- WURQ The Verge, is the only radio station in town. It’s run by Willy the Kid (Keraun Harris), who not only owns the property but is mean to anyone who stands on its grounds and is given to incite paranoia in the town by talking loudly all day long. He enjoys eating Chinese food and has a secretary who looks like a mail lady.
All of those movies have been thrown into a film that has basically a Michael Myers cameo, strobing moments that nearly broke my brain, sleepovers in an abandoned house between a meet cute couple where one of them killed a kid, a decent scene in the junkyard between Corey and his tormentors, a supposed extended role for Kyle Richards that lasts as long as Michael is in this movie and a plot that’s more Christine than Halloween (Corey’s name comes directly from that movie, he works in a junkyard and he has the exact same outfit on as Arnie when you first see him in that film).
Jamie Lee Curtis claimed that this movie would be “shocking” and “make people very angry.”
I mean, that seems like a reason to make a movie. That said, I’ve always loved Texas Chainsaw Massacre 2 because the audience expected more of the same and got exactly what Tobe Hooper and L. M. Kit Carson wanted to unleash upon filmgoers. The difference, again, is that that movie is actually well-made and has some things to say.
This is the third movie in a trilogy that has no right being a trilogy. The first tries to erase the sequels while having moments from all of them. The second turns Michael into Jason, starting with him killing an entire brigade of firefighters. And then there was this, which again, is a whole bunch of movies fighting to figure out what they want to be.
There are so many people saying this is brilliant because it subverts what should be expected. Now, for those that want Laurie Strode’s story to end on her own terms, this movie is a success. To me, the series is not about her, but about the darkness that exists within small town America exemplified by a masked killer that has no emotion and no reason for what it does.
The idea that one mistake sends Corey stumbling down the left hand path to evil is a good one. It’s an idea better given to another film and perhaps not one associated with this franchise. Actually, the John Carpenter and Debra Hill idea of ending the franchise with the second movie and having each new installment be self-contained was a very good one.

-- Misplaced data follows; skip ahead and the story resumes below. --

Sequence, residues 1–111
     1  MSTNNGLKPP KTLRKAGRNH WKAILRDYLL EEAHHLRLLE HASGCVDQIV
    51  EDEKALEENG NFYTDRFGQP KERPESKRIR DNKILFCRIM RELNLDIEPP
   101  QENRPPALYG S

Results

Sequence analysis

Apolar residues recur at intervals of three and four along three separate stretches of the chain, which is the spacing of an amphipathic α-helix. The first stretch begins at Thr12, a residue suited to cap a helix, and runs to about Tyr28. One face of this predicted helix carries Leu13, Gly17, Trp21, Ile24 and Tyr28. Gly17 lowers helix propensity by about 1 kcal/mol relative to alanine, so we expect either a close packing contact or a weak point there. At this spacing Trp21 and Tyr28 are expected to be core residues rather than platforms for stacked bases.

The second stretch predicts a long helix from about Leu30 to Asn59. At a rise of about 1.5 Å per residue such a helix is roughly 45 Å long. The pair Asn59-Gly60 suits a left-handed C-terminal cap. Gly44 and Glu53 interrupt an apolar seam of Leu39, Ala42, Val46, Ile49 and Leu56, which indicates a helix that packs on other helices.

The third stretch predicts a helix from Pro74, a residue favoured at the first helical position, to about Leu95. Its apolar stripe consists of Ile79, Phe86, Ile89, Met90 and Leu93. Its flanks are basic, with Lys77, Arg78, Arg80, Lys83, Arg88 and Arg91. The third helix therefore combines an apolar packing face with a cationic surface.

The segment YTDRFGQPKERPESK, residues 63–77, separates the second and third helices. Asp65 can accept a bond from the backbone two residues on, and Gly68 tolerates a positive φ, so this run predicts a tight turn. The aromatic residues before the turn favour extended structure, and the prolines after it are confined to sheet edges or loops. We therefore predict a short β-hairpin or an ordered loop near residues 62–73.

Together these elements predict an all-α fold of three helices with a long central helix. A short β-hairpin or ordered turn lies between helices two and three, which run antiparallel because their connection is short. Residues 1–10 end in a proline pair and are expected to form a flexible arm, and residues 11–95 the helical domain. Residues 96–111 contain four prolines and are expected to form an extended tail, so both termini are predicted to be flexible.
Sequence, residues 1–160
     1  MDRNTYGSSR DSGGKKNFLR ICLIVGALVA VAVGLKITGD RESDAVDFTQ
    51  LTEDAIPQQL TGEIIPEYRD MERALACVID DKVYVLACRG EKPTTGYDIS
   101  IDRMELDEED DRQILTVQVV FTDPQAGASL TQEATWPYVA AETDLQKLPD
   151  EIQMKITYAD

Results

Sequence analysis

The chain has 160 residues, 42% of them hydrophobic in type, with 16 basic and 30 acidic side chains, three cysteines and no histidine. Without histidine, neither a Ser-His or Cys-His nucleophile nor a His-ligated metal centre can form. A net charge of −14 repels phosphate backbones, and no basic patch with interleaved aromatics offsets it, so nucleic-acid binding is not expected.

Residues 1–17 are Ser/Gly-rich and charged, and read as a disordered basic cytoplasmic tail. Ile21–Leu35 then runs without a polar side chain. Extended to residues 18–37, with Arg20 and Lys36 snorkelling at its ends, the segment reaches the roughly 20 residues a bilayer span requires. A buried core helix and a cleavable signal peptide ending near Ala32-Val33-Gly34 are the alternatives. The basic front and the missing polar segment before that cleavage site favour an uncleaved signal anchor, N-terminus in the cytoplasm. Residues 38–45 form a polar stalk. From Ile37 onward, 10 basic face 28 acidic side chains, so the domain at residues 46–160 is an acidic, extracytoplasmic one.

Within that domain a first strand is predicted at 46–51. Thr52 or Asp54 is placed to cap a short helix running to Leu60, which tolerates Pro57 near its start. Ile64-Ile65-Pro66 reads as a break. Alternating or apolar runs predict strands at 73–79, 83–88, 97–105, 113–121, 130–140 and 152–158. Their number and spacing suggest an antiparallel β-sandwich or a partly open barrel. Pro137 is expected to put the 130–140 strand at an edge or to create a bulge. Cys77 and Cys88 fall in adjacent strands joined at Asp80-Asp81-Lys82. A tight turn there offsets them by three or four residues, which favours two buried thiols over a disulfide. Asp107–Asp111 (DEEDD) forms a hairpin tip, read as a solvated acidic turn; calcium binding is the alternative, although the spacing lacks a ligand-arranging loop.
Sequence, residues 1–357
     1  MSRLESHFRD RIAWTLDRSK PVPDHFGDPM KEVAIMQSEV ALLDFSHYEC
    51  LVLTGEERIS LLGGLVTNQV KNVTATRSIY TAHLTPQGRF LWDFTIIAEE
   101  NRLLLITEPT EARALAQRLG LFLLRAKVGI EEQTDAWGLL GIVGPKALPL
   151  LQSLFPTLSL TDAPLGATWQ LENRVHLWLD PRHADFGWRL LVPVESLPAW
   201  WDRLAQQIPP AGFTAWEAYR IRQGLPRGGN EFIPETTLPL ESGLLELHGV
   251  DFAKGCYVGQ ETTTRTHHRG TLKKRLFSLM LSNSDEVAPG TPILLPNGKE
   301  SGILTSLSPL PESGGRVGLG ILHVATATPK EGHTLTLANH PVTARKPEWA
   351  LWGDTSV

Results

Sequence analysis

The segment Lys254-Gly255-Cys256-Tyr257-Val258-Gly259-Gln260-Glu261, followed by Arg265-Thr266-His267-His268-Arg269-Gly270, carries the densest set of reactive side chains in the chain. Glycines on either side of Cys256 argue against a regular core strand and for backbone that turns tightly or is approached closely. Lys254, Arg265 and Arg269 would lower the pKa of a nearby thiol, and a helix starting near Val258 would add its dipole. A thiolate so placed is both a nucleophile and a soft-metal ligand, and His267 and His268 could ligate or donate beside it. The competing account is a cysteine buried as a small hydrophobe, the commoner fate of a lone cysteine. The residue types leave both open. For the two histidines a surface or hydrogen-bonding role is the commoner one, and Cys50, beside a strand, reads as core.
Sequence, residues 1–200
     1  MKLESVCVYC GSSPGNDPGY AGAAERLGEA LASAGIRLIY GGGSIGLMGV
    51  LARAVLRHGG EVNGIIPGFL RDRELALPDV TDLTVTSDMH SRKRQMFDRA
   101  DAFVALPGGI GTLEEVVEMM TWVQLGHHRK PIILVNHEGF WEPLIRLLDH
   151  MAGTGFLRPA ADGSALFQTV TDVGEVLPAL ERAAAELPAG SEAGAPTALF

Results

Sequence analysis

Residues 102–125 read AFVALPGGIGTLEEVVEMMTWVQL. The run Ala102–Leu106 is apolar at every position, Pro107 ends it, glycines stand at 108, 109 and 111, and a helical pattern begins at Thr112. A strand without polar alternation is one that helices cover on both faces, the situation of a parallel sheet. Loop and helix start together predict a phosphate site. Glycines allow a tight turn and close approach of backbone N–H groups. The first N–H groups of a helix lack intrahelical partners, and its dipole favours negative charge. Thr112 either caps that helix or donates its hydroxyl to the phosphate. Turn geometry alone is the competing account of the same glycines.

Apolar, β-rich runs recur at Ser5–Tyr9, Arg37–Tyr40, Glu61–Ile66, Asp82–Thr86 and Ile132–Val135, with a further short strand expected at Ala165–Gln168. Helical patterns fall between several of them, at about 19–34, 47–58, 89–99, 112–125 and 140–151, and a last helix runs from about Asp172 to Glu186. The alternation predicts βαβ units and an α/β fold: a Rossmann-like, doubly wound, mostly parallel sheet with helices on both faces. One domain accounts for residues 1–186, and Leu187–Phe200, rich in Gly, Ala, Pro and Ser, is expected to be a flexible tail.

Green claimed he was done with horror and then Blumhouse asked if he wanted to remake The Exorcist, which is the real horror here.
Look, I get it. After making thirteen of these movies, what do you do? But this one — there’s no suspense. There’s no stalking. There’s no simplicity, as the first movie is a very basic thrill ride that keeps delivering watch after watch. This learns no lessons from that film.
Some other notes:
- At the end of the movie, everyone in Haddonfield has a big procession with The Shape’s body tied to a car, then dumps him in an industrial grinder like one of those YouTube shredder videos. If you just moved to this town, wouldn’t you be like, “What is going on? Why are these people driving a body to a junkyard? Who said this was OK?”
- The black sheriff and little mouthy kid from the first one all came back and only I clapped.
- Blah blah they used something close to the Halloween 3: Season of the Witch font.
- Laurie’s book has the worst title ever: Stalkers, Savior and Samhain. Except that, you know, that scene where Samhain is on the chalkboard is no longer canon.
- Laurie is still learning how to use that microwave, huh?
- This movie is seriously the most fan service sledgehammer BS ever. That awkward grocery store scene with the Muzak version of “Don’t Fear the Reaper” was embarrassing filmmaking.
- That “Love lives today” graffiti on the bridge was dumb too.
- You can stab an angry young man in the throat and he won’t die, but a seventy-year-old man can still kill him.
- This movie flirts with the supernatural nature of the mask and never decides to explain it.
- Seriously, why does everyone in town blame Laurie for Michael?
- Activia mist give you superpowers because Laurie somehow survives a knitting needle in the neck.
John Carpenter gets more money to buy weed and video games.
David Gordon Green gets to keep making movies.
Jason Blum confirmed there will be more films, because Malek Akkad has a clause prohibiting Michael Myers to be killed. You know, despite him getting shredded like documents not headed for Mur-A-Lago.
As for me, I have to write an apology letter to Rob Zombie and Busta Rhymes.